Sean St Ledger is targeting a first start since the opening week of the season in Ireland's daunting World Cup qualifier in Germany.
The 28-year-old Leicester defender has not kicked a ball for his club since the Capital One Cup win at Wycombe on August 6, his second and final appearance for the campaign to date, because of a knee injury and manager Nigel Pearson's reluctance to rush him back.
However, he is vying for a chance to line up against the likes of Thomas Muller, Mesut Ozil and Tony Kroos in Cologne on Friday night as Ireland attempt to gain revenge for their 6-1 mauling by the Germans in Dublin last October as Group C approaches its climax.
St Ledger, who has 36 senior caps to his name, could get his opportunity because senior men Richard Dunne and John O'Shea are both suspended, and he insists he is ready if called upon by interim boss Noel King.
He said: "I'm as ready as I'll ever be. It's probably not an ideal situation with not having played, but sometimes things can't always be perfect.
"I'm generally quite fit, so hopefully that will stand me in good stead. I have been back training for a few weeks now.
"Obviously I have not played and I am probably fortunate that I am in the squad with the suspensions, so it's down to me this week to work hard, get my head down and try to force my way into the starting XI."
Dunne and O'Shea will be available for Ireland's final qualifier against Kazakhstan at the Aviva Stadium next Tuesday evening, but in their absence, St Ledger and Aston Villa's Ciaran Clark are the leading candidates to take over in central defence in Germany, although Damien Delaney and Stephen Kelly have both played there in the past.
St Ledger said: "These are the games you want to play in as footballers, against the best players and against the best teams and test yourself.
"When you get results against these teams, it's a great feeling. We are not going out there on Friday just to be losers or to come second. We are going out there to win the game.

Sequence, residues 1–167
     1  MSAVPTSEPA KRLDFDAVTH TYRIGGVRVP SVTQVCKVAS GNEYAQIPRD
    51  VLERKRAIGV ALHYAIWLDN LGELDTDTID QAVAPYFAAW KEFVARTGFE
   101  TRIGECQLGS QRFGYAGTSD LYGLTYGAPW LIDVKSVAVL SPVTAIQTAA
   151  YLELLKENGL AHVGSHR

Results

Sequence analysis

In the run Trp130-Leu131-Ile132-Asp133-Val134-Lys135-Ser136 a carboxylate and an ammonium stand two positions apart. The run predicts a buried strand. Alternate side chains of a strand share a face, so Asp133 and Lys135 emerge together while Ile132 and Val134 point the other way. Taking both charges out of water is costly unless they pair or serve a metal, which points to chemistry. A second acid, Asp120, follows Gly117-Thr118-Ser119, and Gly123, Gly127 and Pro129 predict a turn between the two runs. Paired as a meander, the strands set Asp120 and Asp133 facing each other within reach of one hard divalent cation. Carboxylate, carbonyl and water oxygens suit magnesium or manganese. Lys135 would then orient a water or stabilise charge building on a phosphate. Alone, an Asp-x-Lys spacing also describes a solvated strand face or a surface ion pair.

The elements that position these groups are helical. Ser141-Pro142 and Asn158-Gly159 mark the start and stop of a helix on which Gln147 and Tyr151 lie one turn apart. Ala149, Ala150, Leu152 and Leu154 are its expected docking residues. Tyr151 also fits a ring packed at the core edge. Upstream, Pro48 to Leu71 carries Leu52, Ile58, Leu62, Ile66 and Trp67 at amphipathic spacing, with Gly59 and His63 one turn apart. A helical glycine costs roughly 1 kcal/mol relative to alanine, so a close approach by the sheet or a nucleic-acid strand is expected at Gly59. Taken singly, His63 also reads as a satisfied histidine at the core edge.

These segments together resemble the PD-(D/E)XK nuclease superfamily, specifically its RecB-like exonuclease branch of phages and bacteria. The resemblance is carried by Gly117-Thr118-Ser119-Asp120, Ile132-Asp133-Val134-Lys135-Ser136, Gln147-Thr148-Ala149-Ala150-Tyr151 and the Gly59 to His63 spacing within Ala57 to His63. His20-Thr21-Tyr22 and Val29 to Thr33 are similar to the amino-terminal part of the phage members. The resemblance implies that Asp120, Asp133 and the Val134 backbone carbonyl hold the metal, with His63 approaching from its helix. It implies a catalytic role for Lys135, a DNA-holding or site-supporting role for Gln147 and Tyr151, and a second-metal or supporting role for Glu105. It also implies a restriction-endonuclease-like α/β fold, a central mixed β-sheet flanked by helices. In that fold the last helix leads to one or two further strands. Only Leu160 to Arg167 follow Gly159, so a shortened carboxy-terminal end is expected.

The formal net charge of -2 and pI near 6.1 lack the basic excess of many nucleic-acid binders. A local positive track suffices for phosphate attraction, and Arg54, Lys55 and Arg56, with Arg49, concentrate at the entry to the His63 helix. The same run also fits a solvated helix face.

"Everyone has come in this week and it's a clean slate for everyone. I'm sure the manager has ideas and it's down to each individual to go out there and prove to him that you want to be in the starting XI.
"Hopefully he will know I have played quite a few times now and that will stand me in good stead, but we will have to see."
King put his players through their paces in Malahide for the first time on Monday, and stamped his own style on the session as he attempted to get his message across.
But as the search for a permanent successor to 74-year-old Trapattoni continued, St Ledger spared a thought for the man who gave him his big chance to step on to the international stage.
He said: "Sometimes football fans think the grass is greener on the other side and sometimes, it's not.
"If you look back at it, we qualified for the Euros and we hadn't in such a long time; we nearly got to the World Cup in South Africa.
"On this stage, it's about winning football games, and that's what we did.
"Obviously, there were low points - the Euros, not winning - but then to get there was great. It was great for the country, it was great for the fans.
"But that's gone now, it's a new era. We are going to have a new manager and it's important for every one of us as players.
"The new manager will probably be watching the game on Friday, he must have an inkling that he's interested in the job, so it's up to us to go out there and show what we can do because we all want to be on this stage playing against the likes of Germany and playing in major tournaments."